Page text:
Accretion in the Disk of epsilon Aurigae: Results of Monte Carlo Radiative Transfer Modelling

Type Conference Paper
Names Naomi Pequette, R. Stencel, B. Whitney
Proceedings Title Bulletin of the American Astronomical Society
Conference Name American Astronomical Society, AAS Meeting #218, #225.05
Volume 43
Date May 1, 2011
Short Title Accretion in the Disk of epsilon Aurigae
URL http://adsabs.harvard.edu/abs/2011AAS...21822505P
Library Catalog NASA ADS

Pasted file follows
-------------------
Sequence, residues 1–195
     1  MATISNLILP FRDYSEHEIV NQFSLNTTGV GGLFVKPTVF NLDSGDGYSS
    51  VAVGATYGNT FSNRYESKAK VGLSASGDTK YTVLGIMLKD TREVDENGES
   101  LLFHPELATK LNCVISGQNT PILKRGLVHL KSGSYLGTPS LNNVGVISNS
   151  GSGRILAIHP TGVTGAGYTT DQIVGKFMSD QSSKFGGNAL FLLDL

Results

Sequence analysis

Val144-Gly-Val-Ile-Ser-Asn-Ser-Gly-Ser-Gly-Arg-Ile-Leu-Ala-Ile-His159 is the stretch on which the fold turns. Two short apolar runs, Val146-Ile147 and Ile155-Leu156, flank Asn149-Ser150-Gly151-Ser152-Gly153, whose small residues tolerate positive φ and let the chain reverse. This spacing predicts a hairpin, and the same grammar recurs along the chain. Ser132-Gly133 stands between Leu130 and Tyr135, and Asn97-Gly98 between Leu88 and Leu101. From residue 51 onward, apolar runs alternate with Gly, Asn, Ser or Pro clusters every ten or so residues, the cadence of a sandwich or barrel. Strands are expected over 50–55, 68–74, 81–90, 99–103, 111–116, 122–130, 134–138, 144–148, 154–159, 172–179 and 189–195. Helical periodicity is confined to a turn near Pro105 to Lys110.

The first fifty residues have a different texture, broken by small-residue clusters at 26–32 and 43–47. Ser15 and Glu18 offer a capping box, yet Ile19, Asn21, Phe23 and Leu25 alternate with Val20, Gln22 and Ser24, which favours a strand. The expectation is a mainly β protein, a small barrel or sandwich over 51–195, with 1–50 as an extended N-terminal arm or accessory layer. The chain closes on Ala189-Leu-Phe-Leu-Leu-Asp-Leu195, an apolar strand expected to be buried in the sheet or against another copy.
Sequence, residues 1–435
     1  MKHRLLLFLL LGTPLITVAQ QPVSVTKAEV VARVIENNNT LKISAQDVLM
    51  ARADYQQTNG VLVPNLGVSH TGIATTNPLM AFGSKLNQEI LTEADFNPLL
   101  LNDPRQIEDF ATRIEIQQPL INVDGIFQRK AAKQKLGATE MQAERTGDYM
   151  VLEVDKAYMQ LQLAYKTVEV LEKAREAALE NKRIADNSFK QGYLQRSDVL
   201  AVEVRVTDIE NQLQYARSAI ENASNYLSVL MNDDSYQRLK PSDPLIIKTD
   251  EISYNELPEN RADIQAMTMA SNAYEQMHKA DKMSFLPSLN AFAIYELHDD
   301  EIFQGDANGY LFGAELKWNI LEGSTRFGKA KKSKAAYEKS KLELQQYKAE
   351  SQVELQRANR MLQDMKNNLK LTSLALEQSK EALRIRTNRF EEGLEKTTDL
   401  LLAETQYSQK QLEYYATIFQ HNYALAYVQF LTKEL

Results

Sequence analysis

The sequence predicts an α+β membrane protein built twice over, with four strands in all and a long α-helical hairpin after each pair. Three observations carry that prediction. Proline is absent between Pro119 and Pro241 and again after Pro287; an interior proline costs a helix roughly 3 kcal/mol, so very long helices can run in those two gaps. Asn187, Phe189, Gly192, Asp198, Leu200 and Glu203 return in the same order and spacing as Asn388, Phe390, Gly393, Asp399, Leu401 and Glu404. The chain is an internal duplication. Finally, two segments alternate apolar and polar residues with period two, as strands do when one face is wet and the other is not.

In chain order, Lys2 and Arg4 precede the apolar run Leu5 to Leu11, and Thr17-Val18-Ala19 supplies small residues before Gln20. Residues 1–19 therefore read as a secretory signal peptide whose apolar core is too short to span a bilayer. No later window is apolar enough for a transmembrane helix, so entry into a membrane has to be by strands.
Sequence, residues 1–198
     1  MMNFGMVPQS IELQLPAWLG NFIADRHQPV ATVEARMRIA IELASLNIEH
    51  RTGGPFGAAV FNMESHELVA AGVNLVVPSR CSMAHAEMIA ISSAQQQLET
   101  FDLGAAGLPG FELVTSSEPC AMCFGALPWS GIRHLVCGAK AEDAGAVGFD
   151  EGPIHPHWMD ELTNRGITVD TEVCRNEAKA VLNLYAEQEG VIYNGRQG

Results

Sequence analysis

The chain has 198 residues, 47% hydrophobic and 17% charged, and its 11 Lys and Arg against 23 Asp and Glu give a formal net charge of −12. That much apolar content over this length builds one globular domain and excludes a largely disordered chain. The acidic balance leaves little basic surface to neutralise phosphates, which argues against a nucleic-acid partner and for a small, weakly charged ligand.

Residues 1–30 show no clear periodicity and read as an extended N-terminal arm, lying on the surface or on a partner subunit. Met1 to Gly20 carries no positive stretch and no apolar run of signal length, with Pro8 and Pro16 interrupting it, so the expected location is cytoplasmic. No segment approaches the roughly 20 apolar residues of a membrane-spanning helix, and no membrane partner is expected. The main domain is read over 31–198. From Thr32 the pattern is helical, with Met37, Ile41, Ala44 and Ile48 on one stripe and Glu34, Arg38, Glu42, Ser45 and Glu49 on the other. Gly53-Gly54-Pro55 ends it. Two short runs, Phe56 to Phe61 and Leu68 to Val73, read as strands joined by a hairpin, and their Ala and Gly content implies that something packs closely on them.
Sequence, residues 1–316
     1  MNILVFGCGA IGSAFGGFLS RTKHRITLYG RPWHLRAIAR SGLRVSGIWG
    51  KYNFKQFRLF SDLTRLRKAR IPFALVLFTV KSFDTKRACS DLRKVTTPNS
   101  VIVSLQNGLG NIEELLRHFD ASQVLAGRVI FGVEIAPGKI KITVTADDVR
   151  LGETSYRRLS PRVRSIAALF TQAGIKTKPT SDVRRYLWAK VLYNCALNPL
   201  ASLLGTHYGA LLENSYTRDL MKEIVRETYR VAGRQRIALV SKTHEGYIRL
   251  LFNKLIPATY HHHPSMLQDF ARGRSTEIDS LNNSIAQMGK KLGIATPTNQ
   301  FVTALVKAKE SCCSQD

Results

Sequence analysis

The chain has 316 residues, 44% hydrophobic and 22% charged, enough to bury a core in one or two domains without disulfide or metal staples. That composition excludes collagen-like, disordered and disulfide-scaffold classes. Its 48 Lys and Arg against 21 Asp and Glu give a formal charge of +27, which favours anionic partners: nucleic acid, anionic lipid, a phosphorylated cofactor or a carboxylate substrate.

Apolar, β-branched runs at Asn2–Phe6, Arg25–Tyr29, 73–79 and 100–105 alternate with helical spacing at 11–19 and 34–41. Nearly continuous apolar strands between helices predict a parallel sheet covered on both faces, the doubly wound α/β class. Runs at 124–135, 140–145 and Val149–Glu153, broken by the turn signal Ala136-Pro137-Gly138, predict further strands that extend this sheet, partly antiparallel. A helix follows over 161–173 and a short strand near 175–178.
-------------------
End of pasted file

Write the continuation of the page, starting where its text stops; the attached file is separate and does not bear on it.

Abstract Epsilon Aurigae is a mysterious eclipsing binary system that has been observed for more than 175 years. Current theory remains undecided whether the system is made up of a massive F-supergiant star and an equally massive, but hidden, companion, or a post-AGB F-star and a binary companion made up of a B5V which is surrounded by a transitional or debris disk. We used a Monte Carlo Radiative Transfer Model (MCRTM, written by Barbra Whitney of the Space Sciences Institute) to model the B-star and surrounding disk. By using this model, our goal was to reproduce the observed Spectral Energy Distribution (SED, Hoard, Howell and Stencel, HHS, 2010) of the B-star and disk components of the epsilon Aurigae System. Our initial parameters utilized the results of HHS. The initial run of MCRTM did not result in matching the observed SED. Subsequently, we explored previously unknown disk parameters, most importantly disk mass and accretion rate. We found that to reproduce the observed 10:1 ratio of IR to Far-UV flux, we must have a non-zero rate of accretion occuring in the disk. To avoid depleting the disk too quickly, our simulations find that a more massive disk becomes too opaque due to increased scattering and does not reproduce the observed SED. Thus, we propose the extra mass might be in the form of planetesimals. The high accretion rate also implies dust mass replinishment, possibly due to a high rate of collisional interaction among planetesimals embedded in the disk. This work was supported in part by the bequest of William Herschel Womble in support of astronomy at the University of Denver, by NSF grant 1016678 and JPL RSA 1414715 to the University of Denver.
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